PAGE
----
10:20 a.m. Abigail Harrison, Haelo’s Associate Director for Digital and Innovation is next to take to the stage to give an overview of the day ahead.

Staying true to the ethos of ‘innovation’, Abigail introduced the delegates to ‘Poll Everywhere’, a text-based interactive polling platform which allows delegates to provide instant feedback on the day’s events. Using ‘Poll Everywhere’ Abigail asked attendees ‘how did you get here today?’: responses ranged from the fantastical ‘by magic carpet’ to prosaic, ‘public transport’ to heroic, ‘two trains and tube’.

Now that delegates had been initiated into the use of text polling, the software was used to ask the room ‘what are you most looking forward to today?’, providing attendees with an opportunity to voice their expectations for the day. Replies such as ‘networking…independent advice’, ‘talking about measurement’, ‘hearing about other programmes’, ‘talking with like-minded innovators’, ‘getting insights from others’ revealed that ‘measurement’ and ‘networking’ were high on the list of delegates’ aims for the day.

Abigail talked delegates through the day’s agenda, emphasising that this is an opportunity for delegates to learn from each other and to share the expertise amongst the room. The day’s agenda is packed, with sessions from Haelo’s Kurt Bramfitt, table work facilitated by Haelo staff and an interactive session on ‘co-creation’. Abigail welcomed Frances back to the stage and invited her to provide delegates with an overview of The Health Foundation, its aims and its work.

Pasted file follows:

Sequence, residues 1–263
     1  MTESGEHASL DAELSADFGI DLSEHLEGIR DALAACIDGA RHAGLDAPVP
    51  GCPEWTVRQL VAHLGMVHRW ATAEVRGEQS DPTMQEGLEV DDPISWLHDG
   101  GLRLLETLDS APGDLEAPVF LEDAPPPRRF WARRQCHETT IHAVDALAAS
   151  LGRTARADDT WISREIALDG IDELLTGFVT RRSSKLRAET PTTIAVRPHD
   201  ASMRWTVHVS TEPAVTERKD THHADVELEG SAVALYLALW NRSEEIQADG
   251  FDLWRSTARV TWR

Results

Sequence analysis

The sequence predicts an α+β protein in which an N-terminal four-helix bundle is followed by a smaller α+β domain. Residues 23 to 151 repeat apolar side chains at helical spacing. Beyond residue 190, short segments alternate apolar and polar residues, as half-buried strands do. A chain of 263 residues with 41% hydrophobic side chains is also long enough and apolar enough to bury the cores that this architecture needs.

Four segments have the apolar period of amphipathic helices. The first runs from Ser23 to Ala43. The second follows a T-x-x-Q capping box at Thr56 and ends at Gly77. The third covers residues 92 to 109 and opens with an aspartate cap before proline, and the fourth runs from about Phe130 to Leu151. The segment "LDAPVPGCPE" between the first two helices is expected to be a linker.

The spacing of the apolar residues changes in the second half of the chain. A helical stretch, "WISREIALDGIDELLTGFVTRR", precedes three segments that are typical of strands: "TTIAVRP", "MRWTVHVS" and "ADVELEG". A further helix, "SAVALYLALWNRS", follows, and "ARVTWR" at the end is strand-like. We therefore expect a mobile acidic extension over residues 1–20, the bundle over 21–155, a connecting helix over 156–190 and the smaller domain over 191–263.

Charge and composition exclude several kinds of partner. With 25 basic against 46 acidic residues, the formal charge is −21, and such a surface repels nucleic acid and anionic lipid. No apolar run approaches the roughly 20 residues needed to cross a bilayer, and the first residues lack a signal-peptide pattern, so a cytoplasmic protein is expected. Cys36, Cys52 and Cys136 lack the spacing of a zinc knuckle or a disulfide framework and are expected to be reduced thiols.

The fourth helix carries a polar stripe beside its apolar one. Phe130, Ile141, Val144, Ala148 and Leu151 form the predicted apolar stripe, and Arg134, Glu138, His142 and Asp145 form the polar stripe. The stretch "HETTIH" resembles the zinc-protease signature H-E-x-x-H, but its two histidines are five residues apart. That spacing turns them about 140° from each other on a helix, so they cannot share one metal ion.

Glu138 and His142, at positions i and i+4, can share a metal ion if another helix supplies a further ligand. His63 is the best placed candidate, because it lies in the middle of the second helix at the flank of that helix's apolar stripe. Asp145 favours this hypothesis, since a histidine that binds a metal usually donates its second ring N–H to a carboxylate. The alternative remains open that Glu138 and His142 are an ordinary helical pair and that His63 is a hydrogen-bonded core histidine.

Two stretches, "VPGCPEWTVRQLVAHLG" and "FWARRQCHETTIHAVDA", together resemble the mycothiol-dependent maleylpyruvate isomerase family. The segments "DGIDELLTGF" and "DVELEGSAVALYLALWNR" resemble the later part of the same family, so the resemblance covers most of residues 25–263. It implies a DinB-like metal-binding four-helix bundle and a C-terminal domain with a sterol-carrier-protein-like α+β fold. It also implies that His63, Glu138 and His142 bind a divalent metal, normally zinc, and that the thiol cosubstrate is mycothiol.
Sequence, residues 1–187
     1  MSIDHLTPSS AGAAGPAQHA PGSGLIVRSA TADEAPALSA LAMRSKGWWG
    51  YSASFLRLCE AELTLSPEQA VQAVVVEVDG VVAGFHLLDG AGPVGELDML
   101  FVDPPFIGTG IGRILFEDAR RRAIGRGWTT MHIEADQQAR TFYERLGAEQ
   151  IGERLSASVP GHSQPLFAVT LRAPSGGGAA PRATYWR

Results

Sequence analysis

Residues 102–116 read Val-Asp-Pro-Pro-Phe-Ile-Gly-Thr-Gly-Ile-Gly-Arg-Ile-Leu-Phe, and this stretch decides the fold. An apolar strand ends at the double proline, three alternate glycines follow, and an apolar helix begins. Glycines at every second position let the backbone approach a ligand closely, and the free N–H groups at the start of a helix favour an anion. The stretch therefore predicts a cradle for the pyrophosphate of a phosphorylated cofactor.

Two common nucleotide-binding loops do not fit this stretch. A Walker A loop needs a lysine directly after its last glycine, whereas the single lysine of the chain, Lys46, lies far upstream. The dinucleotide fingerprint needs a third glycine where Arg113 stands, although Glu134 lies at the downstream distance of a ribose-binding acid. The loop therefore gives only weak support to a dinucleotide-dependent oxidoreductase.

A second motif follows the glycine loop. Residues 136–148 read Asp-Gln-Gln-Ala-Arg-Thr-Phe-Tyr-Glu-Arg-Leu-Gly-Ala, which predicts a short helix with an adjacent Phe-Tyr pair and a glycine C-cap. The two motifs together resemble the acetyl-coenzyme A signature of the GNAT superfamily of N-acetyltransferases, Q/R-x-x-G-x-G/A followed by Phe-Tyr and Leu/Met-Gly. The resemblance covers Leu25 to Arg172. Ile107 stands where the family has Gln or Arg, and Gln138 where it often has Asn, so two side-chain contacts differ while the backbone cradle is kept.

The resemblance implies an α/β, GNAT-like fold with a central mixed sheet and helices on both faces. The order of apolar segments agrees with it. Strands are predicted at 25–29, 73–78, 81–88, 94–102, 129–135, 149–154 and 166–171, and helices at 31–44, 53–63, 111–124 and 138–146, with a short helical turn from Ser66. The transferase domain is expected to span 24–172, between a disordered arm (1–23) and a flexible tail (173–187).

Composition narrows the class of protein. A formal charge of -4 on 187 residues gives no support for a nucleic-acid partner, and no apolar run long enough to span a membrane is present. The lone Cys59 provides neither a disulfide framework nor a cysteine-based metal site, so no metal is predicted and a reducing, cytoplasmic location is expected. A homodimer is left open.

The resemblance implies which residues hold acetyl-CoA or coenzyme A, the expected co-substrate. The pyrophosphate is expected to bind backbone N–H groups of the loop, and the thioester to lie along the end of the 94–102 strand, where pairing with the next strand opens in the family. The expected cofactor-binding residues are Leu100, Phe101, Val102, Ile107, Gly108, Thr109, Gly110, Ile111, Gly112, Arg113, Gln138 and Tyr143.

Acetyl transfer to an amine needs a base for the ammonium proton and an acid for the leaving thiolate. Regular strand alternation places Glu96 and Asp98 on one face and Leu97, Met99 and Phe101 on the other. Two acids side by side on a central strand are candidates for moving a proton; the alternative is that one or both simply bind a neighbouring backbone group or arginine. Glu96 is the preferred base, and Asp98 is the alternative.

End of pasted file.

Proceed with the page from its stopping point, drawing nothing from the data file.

Frances, an experienced manager who has clinical, managerial and improvement expertise delivered a presentation about what delegates, as part of the extended Health Foundation network, could expect to receive as part of this community. The core purpose of The Health Foundation is to ‘learn about what works – to connect what works on the ground with effective policy making’ in order to ‘shine a light on how to make successful change happen’. The Health Foundation seeks to ‘learn what works to make people’s lives healthier and improve the health care system’. With Innovating for Improvement, The Health Foundation wants to add to the body of knowledge by finding out ‘what helps, what hinders’ innovation; ‘what does it take to scale and spread an innovation’ and ‘what are the elements which allow innovation to happen?’.

Frances explained to delegates that the focus of this round of Innovating for Improvement is primary care – ten of the main award holders from this round are from primary care based organisations. This presents The Health Foundation with a valuable opportunity to understand how, by targeting innovations at all stages of the health economy, innovations can be successfully sustained and spread.